Nothing looks confirmed at the moment. But the moment House leaders reach agreement with elements of the Stupak bloc is the moment I stop ding whip counts. Because then, health care passes without too much trouble.

And what’s the deal? A future, standalone vote on the Stupak amendment, in the House and the Senate.

At least six anti-abortion-rights Democrats are open to supporting the healthcare bill if they can get a guarantee from the Senate that it will move separate legislation containing the House abortion language, one of those Democratic holdouts said Friday.

Natural Resources Committee Chairman Nick Rahall (D-W.Va.), one of Rep. Bart Stupak’s (D-Mich.) gang of staunch opponents of the Senate abortion language, said they are in discussions with senators and House leaders to secure such a commitment.

“There could be some kind of commitment from the other body to act on this later … to ensure that the Senate language does not remain law,” he said.

(Rahall reveals himself as a member of the Stupak bloc in this exchange.)

This has been rumored in recent days, but Pelosi and her team made the determination that Stupak wouldn’t go for a future promise. Apparently, enough of the bloc would go for it to be determinative. My guess is that Pelosi would try to round up the votes without resorting to this first, and only pull the trigger on a “third bill” if she had to do so.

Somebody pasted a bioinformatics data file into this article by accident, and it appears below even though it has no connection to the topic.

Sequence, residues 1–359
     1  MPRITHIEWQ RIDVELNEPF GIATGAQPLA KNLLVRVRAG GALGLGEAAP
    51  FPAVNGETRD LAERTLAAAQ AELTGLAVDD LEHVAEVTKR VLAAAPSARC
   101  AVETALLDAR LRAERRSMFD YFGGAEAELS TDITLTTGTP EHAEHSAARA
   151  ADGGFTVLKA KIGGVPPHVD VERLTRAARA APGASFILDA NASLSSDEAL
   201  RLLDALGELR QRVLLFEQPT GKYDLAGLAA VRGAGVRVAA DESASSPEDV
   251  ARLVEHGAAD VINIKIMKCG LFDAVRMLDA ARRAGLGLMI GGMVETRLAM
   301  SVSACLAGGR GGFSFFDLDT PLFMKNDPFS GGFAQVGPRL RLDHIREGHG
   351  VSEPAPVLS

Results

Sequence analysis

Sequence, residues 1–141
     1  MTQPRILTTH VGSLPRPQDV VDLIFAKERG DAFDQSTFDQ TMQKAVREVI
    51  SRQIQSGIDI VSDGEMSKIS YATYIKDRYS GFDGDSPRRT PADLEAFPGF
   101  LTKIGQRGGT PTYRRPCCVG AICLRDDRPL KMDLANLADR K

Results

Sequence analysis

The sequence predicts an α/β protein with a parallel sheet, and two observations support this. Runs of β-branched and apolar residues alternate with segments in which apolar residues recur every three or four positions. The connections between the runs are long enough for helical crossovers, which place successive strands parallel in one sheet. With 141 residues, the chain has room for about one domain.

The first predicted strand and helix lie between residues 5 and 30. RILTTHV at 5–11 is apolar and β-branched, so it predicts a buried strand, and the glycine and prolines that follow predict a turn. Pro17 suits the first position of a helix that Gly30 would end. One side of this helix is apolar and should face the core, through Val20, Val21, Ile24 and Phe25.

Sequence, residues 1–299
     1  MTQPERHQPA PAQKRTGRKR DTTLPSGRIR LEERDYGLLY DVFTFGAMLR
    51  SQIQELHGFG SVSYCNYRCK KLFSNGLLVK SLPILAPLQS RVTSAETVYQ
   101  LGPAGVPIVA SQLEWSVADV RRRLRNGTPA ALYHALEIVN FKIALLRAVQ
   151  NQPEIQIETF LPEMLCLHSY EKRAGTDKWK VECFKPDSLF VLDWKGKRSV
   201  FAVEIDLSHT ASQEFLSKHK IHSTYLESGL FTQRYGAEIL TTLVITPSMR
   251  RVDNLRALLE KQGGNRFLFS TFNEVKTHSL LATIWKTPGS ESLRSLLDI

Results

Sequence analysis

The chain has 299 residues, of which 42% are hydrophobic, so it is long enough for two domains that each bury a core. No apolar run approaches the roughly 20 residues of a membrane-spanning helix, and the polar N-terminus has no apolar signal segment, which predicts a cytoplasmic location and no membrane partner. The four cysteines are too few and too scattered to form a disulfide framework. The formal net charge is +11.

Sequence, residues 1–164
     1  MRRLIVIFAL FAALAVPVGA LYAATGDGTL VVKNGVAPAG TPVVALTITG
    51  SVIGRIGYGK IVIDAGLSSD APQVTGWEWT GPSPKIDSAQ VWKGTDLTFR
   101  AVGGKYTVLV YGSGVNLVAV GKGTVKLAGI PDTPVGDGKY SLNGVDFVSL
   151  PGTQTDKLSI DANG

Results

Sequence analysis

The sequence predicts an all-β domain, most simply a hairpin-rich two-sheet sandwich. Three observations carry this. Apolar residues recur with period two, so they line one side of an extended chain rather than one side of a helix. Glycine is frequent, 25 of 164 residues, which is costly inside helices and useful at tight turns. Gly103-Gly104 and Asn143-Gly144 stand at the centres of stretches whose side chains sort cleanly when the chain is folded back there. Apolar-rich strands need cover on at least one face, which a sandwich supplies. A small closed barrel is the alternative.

Maybe she can find the votes. But if Rahall (and in this piece, Kaptur) really are still part of the Stupak bloc, you have to figure Dahlkemper and Ellsworth, and perhaps Carney, are as well. That’s nine Yes-No flippers, and if you add Arcuri and Lynch, there almost certainly aren’t enough No-Yes flippers left on the board (you would need 10 at that point) to counteract that.

Kaptur seemed to be movable in a separate report, and maybe the House leadership will still call the bluff. But they’d have health care reform in the bag by making this deal. At the expense of access to a legal medical procedure for women, of course.

The Nelson amendment isn’t much of an improvement on the Stupak amendment, actually. But the humiliation of a standalone vote in the Senate would be almost unbearable. And that vote already failed in the markup of the Senate bill, so several Democrats would have to flip their vote to ensure passage.

I don’t know why anti-abortion Democrats would need a guarantee, since (especially after the midterms) they could just get a discharge petition and force a vote like this to the floor whenever they wanted. But it is truly remarkable how reproductive choice has become the spotlight of this health care debate; it shows the power of the anti-choice movement, and the relative fecklessness of the pro-choice movement.

UPDATE: Nancy Pelosi in her press conference denied this by saying “There will be no further changes in the bill,” which of course is not what this deal is at all about, if I read it right. It’s about a future vote.